Susan Oliver caught up with Guest Artist Jonathan Crow who joins us for the Saturday, November 2 concert “Between Us” and they talked about his family, the Brahms concerto he is performing, his 1742 del Gesu violin, and more…

SUSAN: What are the five things you can’t live without?

JONATHAN: Conveniently I have five lovely women in my life- my wife, two daughters, and two cats!!

SUSAN: What is your motto, or the advice you live by?

JONATHAN: There are so many options- I’d be interested to see what others say I’d live by… Perhaps- “just show up”?

SUSAN: Do you still carry your daughter Sabina’s cast-off pink lunch box to work?

JONATHAN: I do! It’s getting pretty ratty, but it’s a great lunch bag- insulated and everything!

Jonathan practicing with his daughter Lucy

SUSAN: Michael Newnham, the PSO’s Music Director and Conductor, has called you a “great friend” of the PSO. What is your relationship with the organization, and what draws you to play with the orchestra?

JONATHAN: I had a great time [the] last time [I] performed with the PSO and Michael- it’s an orchestra with a great attitude! It was amazing to see every musician committed to make something incredible onstage, and having a great time while doing it.

SUSAN: You are concertmaster of the Toronto Symphony, Artistic Director of Toronto Summer Music, Associate Professor of Violin at the University of Toronto, and founding member of the JUNO Award–winning New Orford String Quartet, as well as a father and husband… with the piece being uncharacteristically collaborative – “a concerto not so much for the violin as against the violin” – do you have to work differently/more intensely with the orchestra than if you were performing a solo piece?

JONATHAN: I’m not officially rehearsing the Brahms yet with the PSO, but I’m certainly practicing it and getting it back in my fingers. This is an interesting concerto, because even though it’s technically a violin solo, much of the piece is actually soloistic for the orchestra, with the violin perhaps expanding and decorating the tunes that come from the orchestra. It’s certainly and intense play for the soloist- it takes a lot of stamina to get through the piece, as there are a lot of balance issues that need to be worked out in rehearsal, and need the soloist to really understand how to project through a big orchestra.

Jonathan with the Toronto Symphony Orchestra

SUSAN: What are the first three words that come to mind when you think of the Brahms’ epic Violin Concerto ? And, why?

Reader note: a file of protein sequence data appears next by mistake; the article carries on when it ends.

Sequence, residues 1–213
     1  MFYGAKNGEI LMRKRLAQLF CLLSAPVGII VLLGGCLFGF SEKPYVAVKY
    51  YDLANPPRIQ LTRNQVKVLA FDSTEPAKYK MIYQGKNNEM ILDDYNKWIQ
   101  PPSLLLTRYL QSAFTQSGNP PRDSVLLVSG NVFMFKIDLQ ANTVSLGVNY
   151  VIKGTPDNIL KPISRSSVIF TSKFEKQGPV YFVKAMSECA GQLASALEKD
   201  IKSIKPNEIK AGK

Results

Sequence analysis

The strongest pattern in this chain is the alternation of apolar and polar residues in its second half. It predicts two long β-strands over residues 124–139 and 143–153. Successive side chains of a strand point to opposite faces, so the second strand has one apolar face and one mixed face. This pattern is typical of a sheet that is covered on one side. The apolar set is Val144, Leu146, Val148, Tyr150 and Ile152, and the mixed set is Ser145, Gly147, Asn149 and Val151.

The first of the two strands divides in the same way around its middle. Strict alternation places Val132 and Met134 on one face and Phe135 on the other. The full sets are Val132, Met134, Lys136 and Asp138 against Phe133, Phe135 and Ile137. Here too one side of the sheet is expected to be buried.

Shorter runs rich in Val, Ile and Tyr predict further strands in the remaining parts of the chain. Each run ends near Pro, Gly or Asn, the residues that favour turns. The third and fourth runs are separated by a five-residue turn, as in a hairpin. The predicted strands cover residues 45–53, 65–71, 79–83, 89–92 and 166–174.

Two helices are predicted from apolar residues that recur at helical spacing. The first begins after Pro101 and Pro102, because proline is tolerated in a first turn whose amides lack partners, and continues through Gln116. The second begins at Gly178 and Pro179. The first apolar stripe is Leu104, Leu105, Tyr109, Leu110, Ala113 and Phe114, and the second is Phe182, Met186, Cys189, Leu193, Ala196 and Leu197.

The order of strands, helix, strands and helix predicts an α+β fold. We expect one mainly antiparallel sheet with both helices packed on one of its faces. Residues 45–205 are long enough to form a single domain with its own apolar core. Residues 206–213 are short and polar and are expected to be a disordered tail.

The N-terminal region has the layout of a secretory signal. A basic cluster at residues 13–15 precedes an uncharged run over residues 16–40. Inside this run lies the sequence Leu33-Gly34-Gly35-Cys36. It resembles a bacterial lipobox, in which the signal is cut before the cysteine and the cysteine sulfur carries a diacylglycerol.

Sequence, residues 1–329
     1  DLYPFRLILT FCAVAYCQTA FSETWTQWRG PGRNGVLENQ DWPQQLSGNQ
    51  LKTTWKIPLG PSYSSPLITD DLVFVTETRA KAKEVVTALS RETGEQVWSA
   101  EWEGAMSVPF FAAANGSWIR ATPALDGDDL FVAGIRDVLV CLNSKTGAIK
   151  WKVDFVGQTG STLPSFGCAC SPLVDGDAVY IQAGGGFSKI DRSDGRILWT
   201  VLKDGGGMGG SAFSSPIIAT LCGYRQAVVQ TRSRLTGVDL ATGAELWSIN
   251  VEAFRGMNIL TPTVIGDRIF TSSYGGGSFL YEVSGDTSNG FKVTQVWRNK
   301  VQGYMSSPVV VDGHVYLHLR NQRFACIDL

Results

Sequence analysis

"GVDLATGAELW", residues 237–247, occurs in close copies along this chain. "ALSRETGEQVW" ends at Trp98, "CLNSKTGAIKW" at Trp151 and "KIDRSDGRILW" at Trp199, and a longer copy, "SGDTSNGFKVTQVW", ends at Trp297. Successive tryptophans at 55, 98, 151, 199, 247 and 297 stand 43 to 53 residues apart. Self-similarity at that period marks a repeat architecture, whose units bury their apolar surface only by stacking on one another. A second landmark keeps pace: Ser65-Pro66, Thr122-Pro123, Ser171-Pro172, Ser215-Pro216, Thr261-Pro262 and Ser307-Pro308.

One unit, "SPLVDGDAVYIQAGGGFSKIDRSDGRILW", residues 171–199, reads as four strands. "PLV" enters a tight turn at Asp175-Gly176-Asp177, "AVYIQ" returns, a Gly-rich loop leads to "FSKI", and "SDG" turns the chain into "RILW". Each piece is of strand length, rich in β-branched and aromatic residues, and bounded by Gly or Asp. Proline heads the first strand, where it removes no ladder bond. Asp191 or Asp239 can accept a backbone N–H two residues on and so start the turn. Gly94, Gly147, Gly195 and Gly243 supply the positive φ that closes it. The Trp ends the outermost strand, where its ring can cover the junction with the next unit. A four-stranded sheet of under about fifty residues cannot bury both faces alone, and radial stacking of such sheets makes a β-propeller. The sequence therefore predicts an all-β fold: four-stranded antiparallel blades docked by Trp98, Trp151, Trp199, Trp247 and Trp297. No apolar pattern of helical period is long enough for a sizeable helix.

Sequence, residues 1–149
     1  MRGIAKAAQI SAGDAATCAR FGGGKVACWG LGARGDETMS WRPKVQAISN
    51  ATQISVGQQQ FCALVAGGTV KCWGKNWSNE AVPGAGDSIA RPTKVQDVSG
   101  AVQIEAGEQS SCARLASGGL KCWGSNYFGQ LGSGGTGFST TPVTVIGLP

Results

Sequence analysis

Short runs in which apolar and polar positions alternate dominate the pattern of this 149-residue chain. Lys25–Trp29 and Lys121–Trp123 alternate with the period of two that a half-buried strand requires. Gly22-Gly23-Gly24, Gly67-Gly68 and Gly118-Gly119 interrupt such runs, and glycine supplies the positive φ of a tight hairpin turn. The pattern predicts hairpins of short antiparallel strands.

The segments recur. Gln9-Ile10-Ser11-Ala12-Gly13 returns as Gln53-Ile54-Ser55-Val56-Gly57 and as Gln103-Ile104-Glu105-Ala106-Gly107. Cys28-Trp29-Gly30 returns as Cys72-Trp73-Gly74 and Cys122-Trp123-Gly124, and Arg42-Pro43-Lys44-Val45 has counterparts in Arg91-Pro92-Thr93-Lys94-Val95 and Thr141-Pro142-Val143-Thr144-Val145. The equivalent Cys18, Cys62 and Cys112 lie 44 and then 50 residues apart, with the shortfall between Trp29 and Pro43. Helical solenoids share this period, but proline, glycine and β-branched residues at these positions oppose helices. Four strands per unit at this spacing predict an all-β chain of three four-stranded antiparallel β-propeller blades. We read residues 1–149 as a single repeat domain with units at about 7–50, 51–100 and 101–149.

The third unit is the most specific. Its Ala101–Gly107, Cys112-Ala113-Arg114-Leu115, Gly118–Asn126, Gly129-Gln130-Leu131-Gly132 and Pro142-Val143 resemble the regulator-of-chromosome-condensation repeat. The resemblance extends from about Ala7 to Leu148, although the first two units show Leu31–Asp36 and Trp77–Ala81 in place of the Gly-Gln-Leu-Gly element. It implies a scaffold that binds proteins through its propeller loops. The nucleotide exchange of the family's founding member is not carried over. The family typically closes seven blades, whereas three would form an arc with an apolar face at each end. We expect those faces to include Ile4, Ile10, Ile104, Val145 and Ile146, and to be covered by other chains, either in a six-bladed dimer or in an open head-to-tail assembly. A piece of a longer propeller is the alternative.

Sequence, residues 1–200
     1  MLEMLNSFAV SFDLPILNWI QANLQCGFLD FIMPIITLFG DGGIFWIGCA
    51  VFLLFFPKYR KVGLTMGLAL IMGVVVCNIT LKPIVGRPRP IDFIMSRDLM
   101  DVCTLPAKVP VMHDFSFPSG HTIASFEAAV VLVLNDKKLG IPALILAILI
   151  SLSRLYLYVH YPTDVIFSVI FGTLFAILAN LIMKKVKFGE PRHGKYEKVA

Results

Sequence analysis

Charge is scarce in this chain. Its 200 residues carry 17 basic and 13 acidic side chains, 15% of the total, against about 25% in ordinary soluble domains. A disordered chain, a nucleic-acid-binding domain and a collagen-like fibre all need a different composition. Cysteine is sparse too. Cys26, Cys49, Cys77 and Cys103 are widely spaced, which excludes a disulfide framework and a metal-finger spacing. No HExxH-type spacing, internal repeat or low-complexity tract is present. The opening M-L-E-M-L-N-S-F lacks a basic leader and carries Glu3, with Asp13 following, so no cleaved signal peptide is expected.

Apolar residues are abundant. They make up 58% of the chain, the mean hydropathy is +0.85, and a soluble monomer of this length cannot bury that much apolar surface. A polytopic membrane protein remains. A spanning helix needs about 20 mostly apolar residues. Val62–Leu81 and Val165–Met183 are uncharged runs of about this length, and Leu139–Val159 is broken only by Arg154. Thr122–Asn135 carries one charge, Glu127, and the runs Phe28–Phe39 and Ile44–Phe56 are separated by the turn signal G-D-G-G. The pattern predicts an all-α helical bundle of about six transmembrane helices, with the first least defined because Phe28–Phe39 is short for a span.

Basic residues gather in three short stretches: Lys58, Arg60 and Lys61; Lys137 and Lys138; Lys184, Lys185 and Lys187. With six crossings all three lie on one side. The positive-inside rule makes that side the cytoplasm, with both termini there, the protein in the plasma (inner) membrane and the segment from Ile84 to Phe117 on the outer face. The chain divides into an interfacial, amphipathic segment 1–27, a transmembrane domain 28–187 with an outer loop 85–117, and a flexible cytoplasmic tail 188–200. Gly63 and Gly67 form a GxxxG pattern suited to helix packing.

JONATHAN: Epic. Exhausting. Exhilarating. This is one of the cornerstones of the violin repertoire, and one of the greatest pieces ever written for the violin! But it’s so tiring!

SUSAN: The piece is considered technically difficult with multiple stopping, broken chords, rapid scale passages, and rhythmic variation. It has been described as “almost excessively demanding and awkward” and “unviolinistic.” You are universally known for your virtuosic performing, and your chamber music teacher at McGill, Andre J. Roy, has described your style of playing as “extremely meticulous. He understands music and structures very well.” As such, how do you view this piece?

JONATHAN: I think structure is a great word here- so much of the power of the concerto comes from building and releasing of tension, using rhythm and register to create an arc throughout the entire piece. The overall effect is incredible, and despite the awkward passages a soloist shouldn’t ever show difficulty to the audience- they don’t care how hard it is!

SUSAN: The first movement is notable for its improvised cadenza. In an interview with James Strecker in 2017, he asked you “What haven’t you attempted as yet that you would like to do and please tell us why?” and you replied “Improvisation! I’m too nervous to do it in public…” So, Will you be performing the cadenza composed by Joseph Joachim, or improvising your own? 

JONATHAN: I will be performing the Joachim cadenza. I’ve written my own cadenza to this and other concerti, but I always come back to the Joachim for performances- his connection to Brahms and contributions to the creation of this piece are just too strong for me not to play his cadenza!

SUSAN: Can you say a few words about your violin?

JONATHAN: It’s a 1742 del Gesu that is on loan to me. It’s an amazing violin and has everything you could ever want from an instrument. Exploring the different sounds and colours that it holds is a lifelong journey.

SUSAN: In an interview with your alma mater, the Victoria Conservatory of Music, you said that you’ve been “…lucky to perform with some of the world’s conductors, both as a soloist and orchestral players, as well as collaborating with amazing world-class musicians in chamber music settings. I feel like I’ve managed to find a great mix of everything I love about music!” With so much accomplished, in five/ten years from now, professionally you will be….?

JONATHAN: I think one of the joys of music is that you’re never finished- I’ll never master the Brahms concerto, but trying to bring something new to every performance is part of the joy of being a musician!

SUSAN: What would you want to convey to the PSO audience, or those who have not been to the symphony but are reading the concert article, about classical music?

JONATHAN: I think I’d just remove the word “classical”! Music is music- it doesn’t really matter what kind of music it is- there is something amazing about every concert and everything on stage. Brahms didn’t write a “classical” concerto- he just wrote a piece that meant something to him. And hopefully to everyone in the audience! We’ve all heard and loved classical music in films and in pop songs, but somehow we think of an orchestra concert as something different and foreboding- it’s not!

SUSAN: What is your favorite song to belt out at the bar/in the car/for karaoke?

JONATHAN: I guess something from Wicked? Can you tell I have two teenage daughters?